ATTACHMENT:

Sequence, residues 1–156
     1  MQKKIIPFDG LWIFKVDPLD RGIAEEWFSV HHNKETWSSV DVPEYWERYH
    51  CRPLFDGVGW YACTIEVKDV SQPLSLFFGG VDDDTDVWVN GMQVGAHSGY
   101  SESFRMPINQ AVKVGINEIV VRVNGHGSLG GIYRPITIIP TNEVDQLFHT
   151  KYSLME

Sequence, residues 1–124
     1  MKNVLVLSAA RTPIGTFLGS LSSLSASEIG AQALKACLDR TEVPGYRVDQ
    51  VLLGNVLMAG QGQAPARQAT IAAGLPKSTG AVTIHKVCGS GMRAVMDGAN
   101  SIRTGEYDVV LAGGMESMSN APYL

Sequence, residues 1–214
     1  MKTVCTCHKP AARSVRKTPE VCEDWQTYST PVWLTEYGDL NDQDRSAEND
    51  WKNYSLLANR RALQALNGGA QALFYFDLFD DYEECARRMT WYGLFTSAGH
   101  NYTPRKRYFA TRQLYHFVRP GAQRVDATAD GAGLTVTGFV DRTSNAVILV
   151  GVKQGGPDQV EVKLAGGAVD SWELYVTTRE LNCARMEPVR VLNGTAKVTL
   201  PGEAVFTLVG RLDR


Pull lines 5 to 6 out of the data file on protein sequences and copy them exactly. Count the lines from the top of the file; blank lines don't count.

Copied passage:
   151  KYSLME

Sequence, residues 1–124